Little-Known Santa No. 24
As the midday sun of a mild spring day peeks down upon the patchily wooded slopes of the Catskills, melting snow drops from the boughs of stately evergreens. We note that what at first appeared to be merely another stretch of drifted snow is in fact underlain by something unexpected and colorful. More snow cover slowly melts and falls away. That colorful something is increasingly revealed to us. It is Little-Known Santa No. 24, hunkered down and snoozing beneath a deep, but diminishing, blanket of white!
He is most certainly and quite obviously enjoying the deep and peaceful sleep of a hibernating old elf! It must be Rip Van Kringle! And who could blame this elder gent for lying down among the leaves and acorn hulls and fallen needles for a slumber of decades’ extent?
Have you ever tried to keep just one, or two, or perhaps three children satisfied with the various laboriously-acquired spoils spilling out from beneath the family tree on the morn of the 25th of December? You have? Well, just take that effort — and all of its attendant anxiety, frustration, regret, recrimination, psychic and fiscal toll — and imagine multiplying it to a billion-fold children the world over! Wouldn’t be so easy, would it? Or easy on you, either.
Or, forget about all that requisite early a.m. gift-giving for the moment, and focus instead merely on soaring through the crisp and star-studded wintry sky behind a team of leaping antlered quadrupeds. Sounds like it might be pretty enjoyable and exhilarating, doesn’t it? That is, until you realize that to manage to make it to each of the planet’s 1.5 billion or so households on just that one special day of the year would require you to zip along at around 600 times the speed of the space shuttle!
And let’s not even get into that whole descending-down-the-chimney thing! I’m not aware of too many chimney flues sized to accommodate anyone in a 46-long Santa suit. And perhaps you’d like to discuss with Mrs. Kringle the finer points of removing fireplace soot from red velvet and white ermine trim?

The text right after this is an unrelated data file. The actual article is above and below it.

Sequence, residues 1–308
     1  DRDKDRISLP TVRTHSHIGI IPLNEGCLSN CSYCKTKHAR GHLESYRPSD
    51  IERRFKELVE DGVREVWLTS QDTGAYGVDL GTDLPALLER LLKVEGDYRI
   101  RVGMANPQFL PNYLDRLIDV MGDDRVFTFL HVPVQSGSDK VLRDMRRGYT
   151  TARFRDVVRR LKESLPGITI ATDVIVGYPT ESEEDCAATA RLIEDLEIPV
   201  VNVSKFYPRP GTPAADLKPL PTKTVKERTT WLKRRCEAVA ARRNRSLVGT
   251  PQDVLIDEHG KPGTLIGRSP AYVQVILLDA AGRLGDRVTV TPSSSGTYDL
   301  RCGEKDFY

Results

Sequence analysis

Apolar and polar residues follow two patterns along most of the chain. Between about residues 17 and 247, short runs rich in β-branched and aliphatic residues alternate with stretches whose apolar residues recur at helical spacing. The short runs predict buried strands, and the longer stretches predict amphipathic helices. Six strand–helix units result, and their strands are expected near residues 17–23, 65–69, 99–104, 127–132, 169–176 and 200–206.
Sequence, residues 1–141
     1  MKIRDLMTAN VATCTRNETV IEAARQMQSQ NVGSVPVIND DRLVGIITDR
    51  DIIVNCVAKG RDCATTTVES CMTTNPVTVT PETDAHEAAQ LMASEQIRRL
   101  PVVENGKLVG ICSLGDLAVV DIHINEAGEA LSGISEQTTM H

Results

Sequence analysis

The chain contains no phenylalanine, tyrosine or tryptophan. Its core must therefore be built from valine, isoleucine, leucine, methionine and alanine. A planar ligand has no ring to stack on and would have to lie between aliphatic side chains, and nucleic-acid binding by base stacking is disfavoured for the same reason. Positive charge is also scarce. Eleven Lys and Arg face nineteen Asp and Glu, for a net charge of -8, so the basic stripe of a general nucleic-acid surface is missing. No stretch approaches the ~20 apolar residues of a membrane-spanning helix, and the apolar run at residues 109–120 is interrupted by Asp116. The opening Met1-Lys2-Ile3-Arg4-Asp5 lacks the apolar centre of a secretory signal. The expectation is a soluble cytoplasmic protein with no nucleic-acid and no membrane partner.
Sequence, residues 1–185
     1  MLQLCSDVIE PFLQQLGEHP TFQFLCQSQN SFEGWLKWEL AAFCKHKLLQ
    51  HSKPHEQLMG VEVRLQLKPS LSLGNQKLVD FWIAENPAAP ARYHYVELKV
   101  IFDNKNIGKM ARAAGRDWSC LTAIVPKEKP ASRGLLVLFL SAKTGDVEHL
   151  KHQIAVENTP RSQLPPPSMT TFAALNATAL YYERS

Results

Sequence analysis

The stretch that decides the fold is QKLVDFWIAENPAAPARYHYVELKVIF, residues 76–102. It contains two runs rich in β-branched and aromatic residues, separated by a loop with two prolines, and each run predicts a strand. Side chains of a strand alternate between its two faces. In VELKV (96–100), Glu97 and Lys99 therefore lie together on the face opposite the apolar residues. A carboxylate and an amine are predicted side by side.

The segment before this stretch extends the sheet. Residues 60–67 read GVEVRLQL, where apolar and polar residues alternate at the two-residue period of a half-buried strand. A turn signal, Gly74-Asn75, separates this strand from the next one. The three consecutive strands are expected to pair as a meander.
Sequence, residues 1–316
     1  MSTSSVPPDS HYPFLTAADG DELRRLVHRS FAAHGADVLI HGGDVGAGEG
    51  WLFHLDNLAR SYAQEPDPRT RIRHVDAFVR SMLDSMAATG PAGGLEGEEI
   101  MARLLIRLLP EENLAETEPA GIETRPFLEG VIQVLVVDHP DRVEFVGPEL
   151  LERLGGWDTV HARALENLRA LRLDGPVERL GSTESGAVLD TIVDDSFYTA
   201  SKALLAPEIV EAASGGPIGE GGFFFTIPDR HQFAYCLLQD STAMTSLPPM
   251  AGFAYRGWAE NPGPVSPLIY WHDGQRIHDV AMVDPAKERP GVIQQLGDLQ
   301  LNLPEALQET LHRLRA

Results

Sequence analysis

Consider, if you’d rather, the remaining 364 days of each year, when you’d be able to retreat to your cozy quarters at the North Pole. Where it can often reach 60 or 70 or even 80 degrees below zero (without even bothering to factor in the wicked wind chill). Where seal blubber is considered a delicacy — no lie. Where the nearest guy’s bar serving longnecks happens to be in Spitsbergen, hundreds of miles south across the horizon. Where everyone’s color scheme is white. Where cable reception sucks. Where the daily production schedule of wagons and dolls and chemistry sets and cameras and neckties and candles and flatscreens would make even a Singaporean sweatshop tyrant blanch. Where the sounds of several thousand midgets in matching green leotards singing (many off key) the fourteenth chorus of “Good King Wenceslas” have long surpassed fingernails on blackboard and are moving on toward dentist’s drill hitting primary nerve.
It’d be enough to make you want to zonk out for a couple dozen years, too!
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